The Octant
Insights and reporting from Caleb Maupin


The media executive and political activist Steve Bannon, now no longer a member of the Trump administration, has dedicated himself to traveling across the United States espousing a political gospel he calls "economic nationalism."

In his rhetoric, he highlights the shortcomings of the American economy, and offers his unique solution. His rhetoric presents a view of world politics that is potentially damaging to the global community and contains blatant falsehoods.

Speaking on December 5 at the"Black Americans for a Better Future" summit in Washington DC, Bannon agitated about the decline in wages, the opioid crisis, and the real problems plaguing the U.S.

His remarks, broadcast to millions of viewers on C-SPAN, spoke of how much better cities like Baltimore and Detroit would be if the government invested in them, rather than in foreign wars. Many Americans are deeply frustrated, and Bannon's ability to agitate around these, often unspoken, problems makes him a popular figure.

However, as Bannon's remarks went beyond acknowledging problems to presenting analysis, confusion emerged. He pointed out that many foreign students are studying at American engineering schools. He bemoaned the lack of U.S.-born students in these institutions saying,"It's a huge albatross. It's a total scam. They (U.S.-born students) are no dumber, they need opportunity." 

No one is saying Americans are inherently less intelligent than people in other countries, but in reality, the U.S. education system is extremely poor in comparison to Western Europe and many other countries. Test scores show this time and again. Students from countries with superior educational systems are often more qualified by the time they apply to universities. 

The policies of privatization and"school choice" promoted by right-wing activists like Bannon have not improved things, and the quality of American public education continues to decline. The mismanaged and under-funded education system most certainly impacts the number of American-born individuals who work in places like Silicon Valley. It's not a "scam," but a real failure of political leadership.

When describing the drop in wages among American workers, Bannon said,"Jobs at McDonalds and Taco Bell are not manufacturing jobs. Think about when St. Louis and Detroit were great. It was manufacturing jobs that made [the nation] great, because in a manufacturing job you can support a family and the community has other money with other services around it."

While American industrial jobs do pay higher wages than the service sector, this has not always been the case. During the 1920s, factory workers in New York City, Gary, Chicago and other industrial centers lived in cramped conditions. 

Beloved American novels like "The Jungle" by Upton Sinclair and "The Grapes of Wrath" by John Steinbeck describe how American workers were treated then. The rise in the pay of industrial workers only came about with the rise of Industrial Unions in the late 1930s.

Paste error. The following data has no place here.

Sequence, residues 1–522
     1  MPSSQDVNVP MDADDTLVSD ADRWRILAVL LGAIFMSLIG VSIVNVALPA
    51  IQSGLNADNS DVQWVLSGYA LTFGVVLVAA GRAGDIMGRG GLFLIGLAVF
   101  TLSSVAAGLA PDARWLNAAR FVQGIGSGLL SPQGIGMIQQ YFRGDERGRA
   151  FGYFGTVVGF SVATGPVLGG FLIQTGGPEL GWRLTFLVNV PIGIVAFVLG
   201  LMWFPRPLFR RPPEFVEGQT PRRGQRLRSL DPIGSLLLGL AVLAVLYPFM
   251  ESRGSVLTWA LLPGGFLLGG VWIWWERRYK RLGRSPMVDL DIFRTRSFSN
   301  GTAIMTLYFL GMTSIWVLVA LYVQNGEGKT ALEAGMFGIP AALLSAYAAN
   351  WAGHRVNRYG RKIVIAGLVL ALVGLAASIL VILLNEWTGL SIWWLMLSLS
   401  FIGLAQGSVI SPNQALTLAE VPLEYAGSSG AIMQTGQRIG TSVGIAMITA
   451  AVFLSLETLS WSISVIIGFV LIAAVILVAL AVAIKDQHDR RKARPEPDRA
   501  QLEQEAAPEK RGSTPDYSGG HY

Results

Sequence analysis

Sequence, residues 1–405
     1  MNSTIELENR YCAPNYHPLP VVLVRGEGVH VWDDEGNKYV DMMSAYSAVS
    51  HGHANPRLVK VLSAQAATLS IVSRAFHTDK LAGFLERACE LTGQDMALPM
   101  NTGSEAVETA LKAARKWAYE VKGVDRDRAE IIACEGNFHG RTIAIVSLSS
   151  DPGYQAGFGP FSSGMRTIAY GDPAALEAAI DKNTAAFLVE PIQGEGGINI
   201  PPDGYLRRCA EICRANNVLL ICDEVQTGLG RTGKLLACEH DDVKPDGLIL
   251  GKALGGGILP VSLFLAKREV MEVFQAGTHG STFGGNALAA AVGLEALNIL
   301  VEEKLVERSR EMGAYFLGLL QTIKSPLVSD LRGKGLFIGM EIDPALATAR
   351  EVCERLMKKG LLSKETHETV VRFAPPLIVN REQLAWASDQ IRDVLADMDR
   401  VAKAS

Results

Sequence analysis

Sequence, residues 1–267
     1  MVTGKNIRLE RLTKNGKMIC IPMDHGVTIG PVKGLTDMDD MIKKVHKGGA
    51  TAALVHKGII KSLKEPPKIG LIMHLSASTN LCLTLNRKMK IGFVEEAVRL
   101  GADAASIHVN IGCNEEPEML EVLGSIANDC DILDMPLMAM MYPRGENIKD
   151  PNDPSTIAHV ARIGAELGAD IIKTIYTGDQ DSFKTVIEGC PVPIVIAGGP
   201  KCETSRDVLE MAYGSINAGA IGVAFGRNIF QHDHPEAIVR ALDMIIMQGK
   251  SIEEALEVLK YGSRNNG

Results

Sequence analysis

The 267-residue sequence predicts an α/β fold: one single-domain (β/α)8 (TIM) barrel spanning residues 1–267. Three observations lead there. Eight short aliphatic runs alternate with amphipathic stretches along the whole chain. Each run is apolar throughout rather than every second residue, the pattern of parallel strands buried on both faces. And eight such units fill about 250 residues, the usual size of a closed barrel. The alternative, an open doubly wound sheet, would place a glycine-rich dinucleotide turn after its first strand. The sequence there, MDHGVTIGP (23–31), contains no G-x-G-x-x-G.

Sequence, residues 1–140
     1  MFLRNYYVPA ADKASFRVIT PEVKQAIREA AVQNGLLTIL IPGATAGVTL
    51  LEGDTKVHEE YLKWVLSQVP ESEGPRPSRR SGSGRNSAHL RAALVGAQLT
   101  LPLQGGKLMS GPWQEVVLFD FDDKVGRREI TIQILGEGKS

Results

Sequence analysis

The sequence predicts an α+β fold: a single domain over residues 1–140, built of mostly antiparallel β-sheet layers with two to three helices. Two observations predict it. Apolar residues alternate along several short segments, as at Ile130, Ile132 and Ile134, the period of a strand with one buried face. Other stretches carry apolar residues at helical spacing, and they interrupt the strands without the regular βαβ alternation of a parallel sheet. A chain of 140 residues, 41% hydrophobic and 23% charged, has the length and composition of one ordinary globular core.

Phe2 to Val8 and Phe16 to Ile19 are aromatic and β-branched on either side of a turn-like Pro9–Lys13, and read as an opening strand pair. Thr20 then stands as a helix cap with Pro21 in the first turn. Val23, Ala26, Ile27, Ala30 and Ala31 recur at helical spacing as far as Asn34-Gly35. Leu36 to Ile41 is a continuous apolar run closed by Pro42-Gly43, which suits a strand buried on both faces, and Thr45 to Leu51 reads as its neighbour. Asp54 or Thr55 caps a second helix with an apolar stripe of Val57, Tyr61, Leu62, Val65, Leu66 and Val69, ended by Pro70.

Workers occupied their factories in a wave of"sit-down strikes" in 1937, demanding the right of collective bargaining for better pay and conditions. Detroit's Ford Motor Company and U.S. Steel Manufacturers worked tirelessly to prevent the unionization of their employees, and continue to pay low wages. 

The policies of the Roosevelt administration, which cooperated with the labor movement and anti-fascist activists, and eventually aligned the United States with China and the Soviet Union to defeat fascism, were essential in creating the industrial middle class.

To top off his confused analysis, Bannon presented some information that is blatantly false. In his remarks, he declared that "there was an important speech at the 19th [Communist Party of China] Congress. President Xi outlined in a 68-page speech, lasting three-and-a-half hours, the basic position of China and its position in the world. And, what he said, was this: the economic war that they have with the United States of America is essentially over and they won."

The full text of President Xi's speech to the 19th Party Congress is available on the Internet. At no point does Xi refer to an "economic war" with the United States. Xi and other representatives of the Chinese government have always said the opposite, favoring win-win cooperation between countries around the world in order to ensure peace and development.

Bannon reveals his bias when he repeatedly tells his audience,"I'm a capitalist." His  economic vision is essentially tainted by his devout belief in neoliberalism. His "economic nationalism" consists of proclaiming that somehow capitalism and the rule of profits would not create so many problems in America, if only it functioned in isolation from the global economy.

The U.S. indeed has economic problems, but the notion of cutting itself off from the rest of the planet is an illusion, and it would not solve the problems he bemoans.

If Bannon were to actually read Xi's speech to the 19th Party Congress, not falsely misrepresent it, he would discover a vision that offers a much more realistic solution to the problems he bemoans. The hope for the U.S. is not building a wall around the country, but rather, working together to build a human-centered global economy focused on development and peaceful cooperation.

Originally Published at